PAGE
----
Image via WinterArtwork.
[Trigger warning: Discussion of murder, racism, rape, and intimate partner violence].
On February 26 at 17-year-old Black teenager, Trayvon Martin, was shot and killed by the head of the neighborhood watch of the (predominantly white) community where his father lives. While George Zimmerman, the murderer, claims that he was acting in self-defense there is pretty much no evidence to corroborate those claims. According to a 911 call Zimmerman made, he described Martin as “suspicious” apparently because he was wearing a hooded sweatshirt and walking slowly. At this point, Zimmerman hasn’t been charged with any crime, and the Sanford police reiterate that he was acting in “self-defense.”
But I think we can all be honest about this: Trayvon Martin was shot because he was a Black kid in America, and Zimmerman is currently free because he’s a white man. And in a white supremacist society like our own, when we assign values to people, the white man is always more valuable than a Black man.
And this is what happens when we assign these values. Innocent 17-year-olds are shot and authority figures do jack-shit because they’re racist and the institutions they work for — the judicial system, the police — that are supposed to protect us actually just protect the status quo. Imagine if the situation was flipped, if a Black man shot a white kid and then claimed self-defense. No one would have to raise awareness, no one would have to protest the lack of justice. It would be instant. That man would be in jail. Period.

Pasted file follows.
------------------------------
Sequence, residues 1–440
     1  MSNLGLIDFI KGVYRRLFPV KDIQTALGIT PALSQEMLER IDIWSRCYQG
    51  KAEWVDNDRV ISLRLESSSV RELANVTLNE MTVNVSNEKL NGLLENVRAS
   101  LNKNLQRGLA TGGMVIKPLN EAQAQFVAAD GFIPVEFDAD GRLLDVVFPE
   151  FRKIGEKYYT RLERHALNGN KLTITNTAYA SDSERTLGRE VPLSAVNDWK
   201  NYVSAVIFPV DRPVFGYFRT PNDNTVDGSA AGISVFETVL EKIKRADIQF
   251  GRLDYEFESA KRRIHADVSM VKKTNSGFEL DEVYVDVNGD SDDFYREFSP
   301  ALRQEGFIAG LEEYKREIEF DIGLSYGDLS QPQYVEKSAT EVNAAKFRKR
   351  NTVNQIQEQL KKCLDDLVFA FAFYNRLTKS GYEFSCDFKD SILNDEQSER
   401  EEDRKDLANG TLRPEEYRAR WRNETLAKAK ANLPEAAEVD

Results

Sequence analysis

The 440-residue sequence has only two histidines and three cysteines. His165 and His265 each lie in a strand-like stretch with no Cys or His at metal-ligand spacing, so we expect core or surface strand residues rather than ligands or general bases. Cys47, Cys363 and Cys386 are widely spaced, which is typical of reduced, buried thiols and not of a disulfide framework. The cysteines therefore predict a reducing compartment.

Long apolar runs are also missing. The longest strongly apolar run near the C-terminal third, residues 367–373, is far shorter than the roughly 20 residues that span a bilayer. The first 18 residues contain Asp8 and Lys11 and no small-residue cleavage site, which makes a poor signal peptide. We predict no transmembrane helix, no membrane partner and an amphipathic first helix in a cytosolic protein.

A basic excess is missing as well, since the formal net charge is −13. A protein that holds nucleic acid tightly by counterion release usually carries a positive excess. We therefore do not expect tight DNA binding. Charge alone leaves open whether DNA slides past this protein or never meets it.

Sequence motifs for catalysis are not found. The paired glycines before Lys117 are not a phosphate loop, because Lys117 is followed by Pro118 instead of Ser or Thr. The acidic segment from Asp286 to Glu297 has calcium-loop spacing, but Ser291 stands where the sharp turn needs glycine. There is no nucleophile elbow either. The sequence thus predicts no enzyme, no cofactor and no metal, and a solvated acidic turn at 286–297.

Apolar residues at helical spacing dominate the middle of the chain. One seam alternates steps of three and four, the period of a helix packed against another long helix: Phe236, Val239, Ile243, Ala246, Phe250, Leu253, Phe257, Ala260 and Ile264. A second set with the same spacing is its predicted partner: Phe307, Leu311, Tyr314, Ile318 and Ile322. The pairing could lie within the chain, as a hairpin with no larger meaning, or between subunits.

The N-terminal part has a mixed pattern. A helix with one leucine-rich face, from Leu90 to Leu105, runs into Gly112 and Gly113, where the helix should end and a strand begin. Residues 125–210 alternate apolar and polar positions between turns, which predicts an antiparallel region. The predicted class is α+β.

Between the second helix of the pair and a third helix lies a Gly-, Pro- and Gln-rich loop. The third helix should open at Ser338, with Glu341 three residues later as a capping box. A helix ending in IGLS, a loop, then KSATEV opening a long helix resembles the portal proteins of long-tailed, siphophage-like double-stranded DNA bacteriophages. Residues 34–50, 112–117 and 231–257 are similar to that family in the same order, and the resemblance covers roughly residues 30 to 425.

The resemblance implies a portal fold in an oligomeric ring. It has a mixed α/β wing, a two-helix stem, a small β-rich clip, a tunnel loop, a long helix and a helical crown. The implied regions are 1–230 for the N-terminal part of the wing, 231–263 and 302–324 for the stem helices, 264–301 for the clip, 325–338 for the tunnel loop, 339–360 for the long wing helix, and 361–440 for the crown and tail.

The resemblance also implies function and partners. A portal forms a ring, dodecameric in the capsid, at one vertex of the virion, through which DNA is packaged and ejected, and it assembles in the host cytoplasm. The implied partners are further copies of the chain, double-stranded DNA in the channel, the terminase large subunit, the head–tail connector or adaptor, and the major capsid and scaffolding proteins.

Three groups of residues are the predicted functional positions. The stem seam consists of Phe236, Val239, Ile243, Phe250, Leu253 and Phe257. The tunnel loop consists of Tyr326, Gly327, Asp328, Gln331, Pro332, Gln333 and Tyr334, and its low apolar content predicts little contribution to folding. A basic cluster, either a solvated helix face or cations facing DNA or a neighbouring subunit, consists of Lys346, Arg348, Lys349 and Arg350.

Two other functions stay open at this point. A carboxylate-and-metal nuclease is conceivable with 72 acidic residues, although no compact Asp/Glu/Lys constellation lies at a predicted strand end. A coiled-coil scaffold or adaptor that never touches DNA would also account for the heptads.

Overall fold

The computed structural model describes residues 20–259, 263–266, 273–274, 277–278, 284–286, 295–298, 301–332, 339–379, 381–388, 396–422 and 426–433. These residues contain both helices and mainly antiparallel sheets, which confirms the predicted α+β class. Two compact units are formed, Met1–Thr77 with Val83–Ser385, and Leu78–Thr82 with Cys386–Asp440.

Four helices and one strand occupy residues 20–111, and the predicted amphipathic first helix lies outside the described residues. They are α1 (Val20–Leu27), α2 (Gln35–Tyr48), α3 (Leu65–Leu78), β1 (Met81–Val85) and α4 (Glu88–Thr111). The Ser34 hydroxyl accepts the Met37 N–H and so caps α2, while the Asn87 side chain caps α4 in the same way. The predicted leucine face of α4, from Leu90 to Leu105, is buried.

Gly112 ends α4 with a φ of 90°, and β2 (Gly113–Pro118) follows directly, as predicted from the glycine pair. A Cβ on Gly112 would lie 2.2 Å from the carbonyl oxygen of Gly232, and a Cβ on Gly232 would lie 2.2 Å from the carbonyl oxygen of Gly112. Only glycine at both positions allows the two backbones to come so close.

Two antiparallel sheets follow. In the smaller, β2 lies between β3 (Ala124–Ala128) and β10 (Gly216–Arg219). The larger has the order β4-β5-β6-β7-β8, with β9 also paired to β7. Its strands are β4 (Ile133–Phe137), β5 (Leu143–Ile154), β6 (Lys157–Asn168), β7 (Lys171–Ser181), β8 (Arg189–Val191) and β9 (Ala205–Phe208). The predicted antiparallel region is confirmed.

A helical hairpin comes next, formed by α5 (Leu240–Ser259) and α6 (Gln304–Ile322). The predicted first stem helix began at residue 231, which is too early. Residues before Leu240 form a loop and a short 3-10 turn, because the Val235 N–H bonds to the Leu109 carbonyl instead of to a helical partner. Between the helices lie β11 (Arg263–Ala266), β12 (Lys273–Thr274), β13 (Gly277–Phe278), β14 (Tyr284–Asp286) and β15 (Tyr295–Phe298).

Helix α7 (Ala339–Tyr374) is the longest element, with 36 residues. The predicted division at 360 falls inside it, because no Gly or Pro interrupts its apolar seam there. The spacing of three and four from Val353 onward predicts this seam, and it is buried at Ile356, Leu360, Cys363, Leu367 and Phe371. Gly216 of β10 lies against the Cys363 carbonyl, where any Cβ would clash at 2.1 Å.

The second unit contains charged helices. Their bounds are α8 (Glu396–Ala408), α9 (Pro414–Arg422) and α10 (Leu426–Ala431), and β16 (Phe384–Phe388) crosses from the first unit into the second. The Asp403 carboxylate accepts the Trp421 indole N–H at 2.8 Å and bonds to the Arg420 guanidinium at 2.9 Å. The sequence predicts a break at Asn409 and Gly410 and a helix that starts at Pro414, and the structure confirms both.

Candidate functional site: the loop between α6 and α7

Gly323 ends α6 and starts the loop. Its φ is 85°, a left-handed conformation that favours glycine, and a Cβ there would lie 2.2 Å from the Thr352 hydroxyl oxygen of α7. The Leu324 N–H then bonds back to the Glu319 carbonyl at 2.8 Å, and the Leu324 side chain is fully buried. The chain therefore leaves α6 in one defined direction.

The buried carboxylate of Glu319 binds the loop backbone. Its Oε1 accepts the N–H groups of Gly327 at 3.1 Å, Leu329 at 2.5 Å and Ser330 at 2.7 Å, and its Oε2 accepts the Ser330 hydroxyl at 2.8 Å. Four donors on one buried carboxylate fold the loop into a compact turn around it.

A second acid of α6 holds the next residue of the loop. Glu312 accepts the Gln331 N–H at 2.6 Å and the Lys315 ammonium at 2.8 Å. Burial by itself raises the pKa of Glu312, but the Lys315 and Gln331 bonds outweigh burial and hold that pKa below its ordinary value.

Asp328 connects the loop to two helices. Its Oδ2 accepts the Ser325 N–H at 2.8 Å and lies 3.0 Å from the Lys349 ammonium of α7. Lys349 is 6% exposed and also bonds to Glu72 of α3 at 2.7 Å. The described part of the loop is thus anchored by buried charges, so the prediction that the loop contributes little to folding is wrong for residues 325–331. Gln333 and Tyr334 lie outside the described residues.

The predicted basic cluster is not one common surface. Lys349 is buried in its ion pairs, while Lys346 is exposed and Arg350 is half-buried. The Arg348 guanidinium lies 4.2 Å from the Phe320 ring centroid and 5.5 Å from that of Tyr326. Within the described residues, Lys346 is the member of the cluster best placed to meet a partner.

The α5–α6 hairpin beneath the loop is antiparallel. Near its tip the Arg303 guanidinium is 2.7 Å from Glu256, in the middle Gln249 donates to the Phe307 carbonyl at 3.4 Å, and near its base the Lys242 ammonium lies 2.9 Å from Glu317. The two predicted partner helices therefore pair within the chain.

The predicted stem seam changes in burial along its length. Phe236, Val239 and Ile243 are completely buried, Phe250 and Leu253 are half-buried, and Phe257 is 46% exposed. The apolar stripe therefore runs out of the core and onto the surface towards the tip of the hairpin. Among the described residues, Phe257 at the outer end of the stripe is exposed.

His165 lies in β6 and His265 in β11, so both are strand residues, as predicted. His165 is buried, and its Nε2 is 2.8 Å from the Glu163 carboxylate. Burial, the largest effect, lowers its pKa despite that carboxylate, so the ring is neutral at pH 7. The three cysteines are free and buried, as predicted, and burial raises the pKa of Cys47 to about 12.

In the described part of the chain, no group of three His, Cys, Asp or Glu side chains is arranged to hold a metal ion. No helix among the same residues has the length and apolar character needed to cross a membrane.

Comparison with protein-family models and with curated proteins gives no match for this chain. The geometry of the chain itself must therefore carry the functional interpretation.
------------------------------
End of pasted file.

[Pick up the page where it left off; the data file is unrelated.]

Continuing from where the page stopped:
But George Zimmerman is white, so he gets away with this, despite his confession, and despite Trayvon Martin’s family calling for justice. He knew, from his position of privilege, that he could shoot a Black kid for being Black and that when the cops came they would be predominantly white, and hold the same prejudices that he does, and not arrest him. That they would actually give him leading questions and guide his story before officially questioning him in the murder that he admitted to. Oppressive constructions of race need to be examined in this case. Because Zimmerman knew exactly what to say to the police to justify his shooting a young Black man. He called him “suspicious”, and in doing so employed racist ideas about Blackness that have been deeply ingrained in our society. The ideas that Black men are inherently dangerous, animalistic, deviant, and threatening. These are (untrue) notions that have been used since the founding of this country to oppress and justify the killing of Black people. Slavery was a way of “controlling” the “animalistic”, “wild” Africans who were kidnapped en masse and killed to create the economy of the United States and benefit the white people who lived here. Brutal lynching was the response to the “threat” of Black male sexuality as it was (and still is) constructed to the purity of white women. So, aware of this context, or at least of racist constructions of Blackness, given his own prejudices, Zimmerman called Trayvon Martin suspicious and then he shot him.